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New DCist Editor Has the “Washington Post” in His Sights
“There’s a certain advantage to being small and scrappy,” he says.
“What’s it like being the new editor of DCist?” I asked Ben Freed one spring night when I met him at ChurchKey.
“I’ve been at it one hour,” he responded. “Check back with me tomorrow.”
It will take more than a day to assess how Freed does at the helm of the news website devoted to all things local in and around Washington, DC. But he knows where he wants to take it.
“It’s an interesting time for local news,” he says. “The Washington Times seems to be packing it up. The Examiner is closing down its newspaper. It leaves a big hole to fill. Why shouldn’t it be DCist?”
I had to ask whether he was daunted by the Washington Post’s battalion of local news and culture reporters.
As Freed explains, “I can’t go head to head with the Post. But if I see an angle the Post is missing, a fresh hook, I’ll take it. That’s what we’ve been doing. There’s a certain advantage to being small and scrappy.”
Since DCist, an arm of Gothamist, debuted in 2004, it has staked out solid ground in the capital city’s blogosphere. It serves up a daily dose of local news, from crime to politics to food and theater, and draws loyal readers who, Freed says, “want us to curate the city for them. It’s a tall order.”
Especially for Freed, a full-time reporting and writing staff of one. There’s a whiff of the Wizard of Oz behind the DCist curtain. The 29-year-old Freed runs the blog from his Columbia Heights apartment. No news truck, no producer, no editor—not even an assistant on his first day as top dog. He gets around by bike—when he can. (It was in the shop when we talked.)
He grew up in Albany, New York. At Brandeis he worked on the school newspaper, The Justice, and caught the journalism bug. When he graduated in 2006, he couldn’t find a job in news so he moved to Chicago for a brief stint at a law firm and a ride on the Obama campaign. He came to DC to work for a climate control organization. When it folded, he had been freelancing film and arts criticism for Washington City Paper, and he devoted himself to writing. In 2011 he became Martin Austermule’s assistant editor at DCist. When Austermule moved on to WAMU last month, Ben Freed moved up to editor in chief.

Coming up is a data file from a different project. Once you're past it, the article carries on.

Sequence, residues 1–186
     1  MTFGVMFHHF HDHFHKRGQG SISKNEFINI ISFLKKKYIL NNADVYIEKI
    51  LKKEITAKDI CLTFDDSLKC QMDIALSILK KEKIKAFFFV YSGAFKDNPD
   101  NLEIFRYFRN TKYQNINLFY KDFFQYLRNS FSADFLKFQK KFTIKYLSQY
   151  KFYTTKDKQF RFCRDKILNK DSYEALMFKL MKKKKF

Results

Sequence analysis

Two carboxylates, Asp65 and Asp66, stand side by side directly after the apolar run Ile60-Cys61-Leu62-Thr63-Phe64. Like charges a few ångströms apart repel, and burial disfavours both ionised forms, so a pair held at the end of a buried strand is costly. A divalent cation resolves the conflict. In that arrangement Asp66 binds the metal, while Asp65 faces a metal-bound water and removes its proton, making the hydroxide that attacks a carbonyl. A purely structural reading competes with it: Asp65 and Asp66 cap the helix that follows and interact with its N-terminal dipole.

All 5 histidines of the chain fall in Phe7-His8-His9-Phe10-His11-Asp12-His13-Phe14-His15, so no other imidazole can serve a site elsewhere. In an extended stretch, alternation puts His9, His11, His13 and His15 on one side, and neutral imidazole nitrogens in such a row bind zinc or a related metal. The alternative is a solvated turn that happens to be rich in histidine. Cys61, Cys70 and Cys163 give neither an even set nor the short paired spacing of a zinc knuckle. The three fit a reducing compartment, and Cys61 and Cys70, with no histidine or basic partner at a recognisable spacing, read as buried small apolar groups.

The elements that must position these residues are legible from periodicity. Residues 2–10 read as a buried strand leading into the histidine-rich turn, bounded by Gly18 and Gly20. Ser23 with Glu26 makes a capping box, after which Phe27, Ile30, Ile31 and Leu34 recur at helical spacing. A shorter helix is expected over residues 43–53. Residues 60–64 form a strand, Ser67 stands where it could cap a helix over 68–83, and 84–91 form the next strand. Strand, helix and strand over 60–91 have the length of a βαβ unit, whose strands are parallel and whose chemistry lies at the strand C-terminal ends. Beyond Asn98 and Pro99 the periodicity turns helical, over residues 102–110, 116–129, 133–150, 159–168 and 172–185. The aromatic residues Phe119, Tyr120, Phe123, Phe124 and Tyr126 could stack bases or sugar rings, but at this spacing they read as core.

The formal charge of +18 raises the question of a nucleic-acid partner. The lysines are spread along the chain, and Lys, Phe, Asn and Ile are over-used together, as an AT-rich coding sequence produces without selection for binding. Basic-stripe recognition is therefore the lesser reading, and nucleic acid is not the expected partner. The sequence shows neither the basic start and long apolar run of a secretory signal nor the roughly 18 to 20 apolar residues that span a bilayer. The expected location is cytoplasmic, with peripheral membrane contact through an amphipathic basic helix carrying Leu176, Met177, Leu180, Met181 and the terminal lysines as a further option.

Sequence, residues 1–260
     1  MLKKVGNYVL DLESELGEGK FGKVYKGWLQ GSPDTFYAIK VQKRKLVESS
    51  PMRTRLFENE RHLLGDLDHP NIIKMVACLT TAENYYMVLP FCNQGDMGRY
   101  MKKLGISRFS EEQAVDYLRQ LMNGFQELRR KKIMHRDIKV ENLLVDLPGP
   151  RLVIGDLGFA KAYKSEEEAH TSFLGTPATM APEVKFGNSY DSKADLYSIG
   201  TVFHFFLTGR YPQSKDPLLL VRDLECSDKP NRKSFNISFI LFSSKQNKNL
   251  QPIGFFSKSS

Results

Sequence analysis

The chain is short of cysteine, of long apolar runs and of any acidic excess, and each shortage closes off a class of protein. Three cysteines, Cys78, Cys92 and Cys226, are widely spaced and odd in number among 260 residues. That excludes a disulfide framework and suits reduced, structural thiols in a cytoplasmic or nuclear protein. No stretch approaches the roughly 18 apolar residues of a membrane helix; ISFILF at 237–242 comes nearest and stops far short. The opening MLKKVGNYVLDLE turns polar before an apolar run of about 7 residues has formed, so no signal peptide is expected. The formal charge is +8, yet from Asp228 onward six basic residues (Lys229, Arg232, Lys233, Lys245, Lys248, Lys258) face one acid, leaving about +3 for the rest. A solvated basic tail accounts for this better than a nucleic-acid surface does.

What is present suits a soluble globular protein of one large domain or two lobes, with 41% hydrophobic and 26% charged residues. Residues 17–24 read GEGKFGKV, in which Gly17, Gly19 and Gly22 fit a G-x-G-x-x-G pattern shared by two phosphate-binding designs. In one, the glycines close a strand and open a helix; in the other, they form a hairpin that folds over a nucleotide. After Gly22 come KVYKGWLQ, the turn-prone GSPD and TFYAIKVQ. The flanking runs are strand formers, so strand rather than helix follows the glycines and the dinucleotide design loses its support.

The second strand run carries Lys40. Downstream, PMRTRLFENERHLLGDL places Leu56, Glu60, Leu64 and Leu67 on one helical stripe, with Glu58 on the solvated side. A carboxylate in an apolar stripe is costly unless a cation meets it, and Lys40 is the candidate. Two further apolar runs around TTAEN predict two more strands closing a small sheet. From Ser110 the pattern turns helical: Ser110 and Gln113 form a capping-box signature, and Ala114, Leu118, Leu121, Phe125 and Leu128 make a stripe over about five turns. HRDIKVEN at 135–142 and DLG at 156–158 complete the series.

DCist has been a reliable rung on Washington’s journalism ladder. Founding editor Mike Grass moved on to Huffington Post DC. Aaron Morrissey found a place at the Atlantic. Sommer Mathis made a short stop at The Washingtonian and is happily ensconced at Atlantic Cities.
Former editors say they were able to increase the site’s traffic back in 2007 in part because City Paper was slow to take its readership digital. Adding a dose of irreverence to news and reviews, DCist scooped up readers who wanted a quick digital fix. The site’s traffic has been rising ever since.
“Our currency is pageviews,” says Freed.
According to Quantcast, DCist attracted 1.8 million pageviews in the past month. Gothamist’s internal analytics showed just over 2 million pageviews in April, publisher Jake Dobkin tells me.
In addition to DC, Gothamist has offshoots in LA, San Francisco, Chicago, Austin, London, Shanghai, and Toronto. The business model relies on advertisers who want to reach the millions of digital visitors, and on keeping down expenses with a few paid staffers who work at home. It relies on freelancers across the board to cover news and write food and theater reviews.
For DCist, Freed endeavors to write profiles and practice watchdog journalism, but he says he spends about half of his time aggregating and linking to other articles.
“Some days I do more original work, some I do more aggregating,” he says. “I can be very selective on what I cover and how I write it. When I get out and report and write, that’s what keeps me sane.”
It can make for a manic life alone in front of a computer, but Freed says, “We can take approaches other people can’t.” (Like his satiric sendup of the rash of flower thievery that lit up the Cleveland Park listserv.)
Dobkin says Freed is about to announce his assistant editor, and that Gothamist has also increased DCist’s freelance budget.
“We may hire a third full-time editor this year,” Dobkin writes by e-mail.
Perhaps the Post will soon need to keep a closer eye on DCist.
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